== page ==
No. Parties to a contract do not have to sign the contract the same way as both handwritten and electronic signatures would satisfy a requirement that a contract be signed, as long as the parties intended to be bound.

Can a non-U.S. company execute a New York law contract using an electronic signature?

Yes. Under ESRA, agreements executed using electronic signatures are given the same force and effect as signatures produced by non-electronic means, subject to certain exceptions (e.g., testamentary trusts, powers of attorney). Thus, non-U.S. company electronic signatures should be effective under a New York law-governed contract provided that, under the laws of the jurisdiction in which the company is incorporated, the signatory is acting under the authority (express or implied) of the company – this authority includes whether the company may be bound by electronic signature.

Can electronic signatures be used in contracts governed other than by New York law?

The effectiveness of electronic signatures in validly executing a contract governed by the laws of a jurisdiction other than New York varies among jurisdictions. As stated previously, electronic signatures can generally be used and are enforceable in commercial transactions across the United States, subject to particularities of any state’s specific laws and regulations. However, non-U.S. jurisdictions may differ. For example, subject to certain conditions, German law contracts requiring notarization (including contracts to purchase or transfer real property) do not permit the use of electronic signatures. Similar concerns may apply in other jurisdictions with notarization requirements. Consideration should also be given to the jurisdiction in which any litigation or other action in relation to a document may be required to be taken in the future.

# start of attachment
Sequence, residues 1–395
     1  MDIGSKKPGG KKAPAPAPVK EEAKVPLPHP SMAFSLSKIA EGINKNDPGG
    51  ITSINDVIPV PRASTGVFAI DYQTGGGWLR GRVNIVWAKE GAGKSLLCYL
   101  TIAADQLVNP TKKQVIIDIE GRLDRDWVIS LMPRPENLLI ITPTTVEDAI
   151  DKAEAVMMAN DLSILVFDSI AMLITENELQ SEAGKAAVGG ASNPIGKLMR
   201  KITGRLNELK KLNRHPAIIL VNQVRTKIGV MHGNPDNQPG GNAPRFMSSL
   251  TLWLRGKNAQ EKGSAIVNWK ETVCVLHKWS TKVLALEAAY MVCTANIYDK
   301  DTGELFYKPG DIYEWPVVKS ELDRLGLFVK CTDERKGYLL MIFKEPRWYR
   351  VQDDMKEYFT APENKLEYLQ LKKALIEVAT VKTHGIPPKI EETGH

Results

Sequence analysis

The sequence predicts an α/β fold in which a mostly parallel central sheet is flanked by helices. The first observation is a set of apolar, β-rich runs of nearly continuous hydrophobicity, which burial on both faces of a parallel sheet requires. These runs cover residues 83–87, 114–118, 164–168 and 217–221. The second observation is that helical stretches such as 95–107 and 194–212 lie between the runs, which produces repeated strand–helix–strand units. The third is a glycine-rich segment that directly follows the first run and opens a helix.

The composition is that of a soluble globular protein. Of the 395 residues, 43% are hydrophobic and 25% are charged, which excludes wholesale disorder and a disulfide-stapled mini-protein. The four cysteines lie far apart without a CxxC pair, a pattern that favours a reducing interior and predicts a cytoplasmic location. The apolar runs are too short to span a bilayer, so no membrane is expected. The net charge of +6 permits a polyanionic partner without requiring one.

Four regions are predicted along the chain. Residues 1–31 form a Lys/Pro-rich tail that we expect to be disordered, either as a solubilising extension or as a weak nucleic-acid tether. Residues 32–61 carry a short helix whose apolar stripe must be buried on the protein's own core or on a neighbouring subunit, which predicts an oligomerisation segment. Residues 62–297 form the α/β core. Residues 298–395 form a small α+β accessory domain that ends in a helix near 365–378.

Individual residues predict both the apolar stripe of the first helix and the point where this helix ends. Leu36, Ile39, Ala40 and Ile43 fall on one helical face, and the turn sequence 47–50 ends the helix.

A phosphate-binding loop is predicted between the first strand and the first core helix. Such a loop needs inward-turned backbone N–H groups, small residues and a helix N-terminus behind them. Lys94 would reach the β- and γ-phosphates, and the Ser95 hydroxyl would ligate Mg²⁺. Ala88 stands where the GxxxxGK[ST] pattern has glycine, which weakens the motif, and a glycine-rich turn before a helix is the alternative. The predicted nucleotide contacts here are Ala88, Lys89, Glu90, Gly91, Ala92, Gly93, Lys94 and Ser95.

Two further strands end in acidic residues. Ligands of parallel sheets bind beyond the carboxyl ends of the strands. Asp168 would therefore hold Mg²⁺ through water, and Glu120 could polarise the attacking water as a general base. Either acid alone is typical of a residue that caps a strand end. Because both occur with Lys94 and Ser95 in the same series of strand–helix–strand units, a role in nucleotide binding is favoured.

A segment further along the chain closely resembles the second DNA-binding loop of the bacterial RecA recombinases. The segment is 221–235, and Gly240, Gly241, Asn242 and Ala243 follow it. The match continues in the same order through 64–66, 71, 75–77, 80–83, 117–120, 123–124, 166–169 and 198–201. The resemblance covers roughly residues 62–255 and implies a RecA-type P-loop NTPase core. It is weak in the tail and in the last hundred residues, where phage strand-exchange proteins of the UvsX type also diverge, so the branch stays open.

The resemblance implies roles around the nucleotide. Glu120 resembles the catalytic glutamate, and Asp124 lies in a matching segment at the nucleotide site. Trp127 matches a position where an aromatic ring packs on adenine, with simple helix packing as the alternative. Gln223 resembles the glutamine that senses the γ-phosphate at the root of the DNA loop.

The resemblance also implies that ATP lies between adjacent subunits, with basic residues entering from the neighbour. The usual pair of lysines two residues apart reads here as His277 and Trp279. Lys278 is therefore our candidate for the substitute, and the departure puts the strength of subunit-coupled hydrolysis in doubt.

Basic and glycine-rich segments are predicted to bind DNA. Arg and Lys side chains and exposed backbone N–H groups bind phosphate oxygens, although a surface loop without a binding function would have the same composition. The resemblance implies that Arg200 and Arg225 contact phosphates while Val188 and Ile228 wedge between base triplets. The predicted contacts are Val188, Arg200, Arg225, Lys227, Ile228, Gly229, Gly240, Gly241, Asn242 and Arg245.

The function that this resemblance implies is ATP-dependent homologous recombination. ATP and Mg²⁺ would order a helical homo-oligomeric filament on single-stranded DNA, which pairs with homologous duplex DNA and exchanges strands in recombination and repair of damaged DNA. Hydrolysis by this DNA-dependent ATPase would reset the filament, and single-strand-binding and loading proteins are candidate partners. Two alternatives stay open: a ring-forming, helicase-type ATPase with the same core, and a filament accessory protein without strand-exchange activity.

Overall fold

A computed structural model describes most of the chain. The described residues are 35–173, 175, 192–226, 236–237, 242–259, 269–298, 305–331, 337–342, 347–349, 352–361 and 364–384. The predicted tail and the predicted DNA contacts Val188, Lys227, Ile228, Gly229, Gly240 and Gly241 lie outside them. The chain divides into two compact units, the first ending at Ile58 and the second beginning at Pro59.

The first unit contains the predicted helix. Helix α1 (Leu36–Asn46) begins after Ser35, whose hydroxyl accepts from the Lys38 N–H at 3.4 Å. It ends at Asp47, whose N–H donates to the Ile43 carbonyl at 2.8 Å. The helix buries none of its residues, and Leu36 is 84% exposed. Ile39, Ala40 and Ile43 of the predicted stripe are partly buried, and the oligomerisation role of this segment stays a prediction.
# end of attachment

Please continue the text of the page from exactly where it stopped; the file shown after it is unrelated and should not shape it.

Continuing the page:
I need to sign a document virtually but cannot access a scanner to create a PDF scan. Can I take a photograph of the relevant pages instead?

Yes. You can use a camera phone, for example, to produce an electronic image of the signed contract in the same way as you would use a scanner. The images should be clearly legible and should ideally include any document ID number. You should follow the signing instructions for the virtual signing in the same way you would if using a scanner.